Chapter 1: Fast-Play Rules

This covers the game in a very fast-paced and simplified manner. Designed to get everyone up and running right away. Personally, I like the idea, but I wonder if it is not better served with a PDF or a soft-cover freebie alone and not included in this book. Granted, in 1998, not as many people were on the internet, and freebie printed products were likely still too much for a company that had just been rescued from financial oblivion. Still, we are only talking about a handful of pages here, and it really helps set the stage for what is to come. The Gamemaster's Guide also had a free PDF.

Note: The new Alternity also offers this for free for their updated version. 

Chapter 2: Hero Creation

What is says on the tin. We have nine steps in our hero creation, which feels very, very similar to D&D. Even the six attributes are similar. You choose a concept, a species (Fraal, Mechalus, Sesheyan, T'sa, Weren, and Human), and a Career and Profession. Careers are your concept in a few words and Professions are bit like classes, but certain skills and abilities are cheaper/easier to acquire. So anyone can take any skill, some are just easier. It's a good approach. The Professions are Combat Specialist, Diplomat, Free Agent, Tech Operative, and the psionic Mindwalker. Mindwalkers are detailed later.

Ability scores are assigned, largely compatible with AD&D scores. Some species have ability score minimums and maximums. Skills are also bought/assigned. Some species lend themselves to some skill easier. The Mechalus, for example, get computer science for free. Weren get unarmed attacks.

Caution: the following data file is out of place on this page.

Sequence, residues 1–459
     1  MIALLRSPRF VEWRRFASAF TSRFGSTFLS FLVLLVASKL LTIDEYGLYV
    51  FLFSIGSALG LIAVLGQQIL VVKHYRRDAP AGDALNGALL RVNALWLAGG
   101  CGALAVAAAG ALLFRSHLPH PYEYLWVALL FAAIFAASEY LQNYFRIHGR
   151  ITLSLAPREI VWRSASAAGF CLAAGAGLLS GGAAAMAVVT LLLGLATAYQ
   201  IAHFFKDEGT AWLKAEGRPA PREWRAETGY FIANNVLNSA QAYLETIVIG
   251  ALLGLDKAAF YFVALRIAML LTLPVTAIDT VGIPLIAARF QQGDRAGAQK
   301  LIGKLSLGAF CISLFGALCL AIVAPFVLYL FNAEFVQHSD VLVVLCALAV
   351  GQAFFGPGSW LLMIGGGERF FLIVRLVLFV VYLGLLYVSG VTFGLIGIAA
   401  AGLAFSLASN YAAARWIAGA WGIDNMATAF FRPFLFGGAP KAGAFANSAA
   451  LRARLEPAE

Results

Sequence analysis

Characters get perks and flaws, a popular game design choice of the later 90s. Choose some attributes, and complete the character sheet. I'll work through an example later this week.

Chapter 3: Heroes in Action 

This chapter covers the basic rules of the game. The basic idea here is to roll a d20, sometimes with some additional dice as a bonus or penalty, and roll under a given margin. The additional dice are called "steps" and they change based on the situation. Trying to reprogram a computer when you are at ease, have all the time in the world and it is a system you know well might be a "Cakewalk" step. So you roll your d20 and then roll a d12, you minus whatever you get on the d12 from the d20 for your final result. Remember rolling low here is good. On the other hand reprogramming the same computer in another language while being shot at might be a "Grueling" step. So roll a d20 and add another d20 to that! There are plenty of examples given in the book.

Dice Steps Difficulty

Which skills and abilities to use in what situation are also covered. 

Combat is a big one and here we have four types of damage. Stun, Wound, Mortal, and Fatigue. Anyone one can incapacitate a character. Ok four damage types is not ideal in my mind, but it works here and that is fine with me. 

Chapter 4: Skills

This covers the skills, how they work and where they are used. As expected for the time there are LOT of skills here. Of course the advantage to this is character customization is great. 

Chapter 5: Perks & Flaws

These sorts of mechanics were very popular starting in the 80s and into the 90s. These also help improve or hinder a character to some degree or provide some role-playing fodder. Many here are common ones you see in other games. Ones to make the character harder to kill (Tough as Nails), lucky (Good Luck), Ambidextrous, Great Looking, and more. These sorts of things are still popular in newer games, but to a lesser degree.  Flaws work the same way. Bad Luck, Powerful Enemy, Fragile, and so on. 

Chapter 6: Sample Careers

The flexibility of this game is baked in. Here we only get a sampling of potential careers. The various supplements can (and will add) more. Not a long chapter, but long enough.

Chapter 7: Attributes

These are character "tags" and descriptors that help round out the character. They include various Motivations, Moral Attitudes, and Character Traits. I can't help but notice that is pretty much all some new games have for their character-building. Also not a long chapter.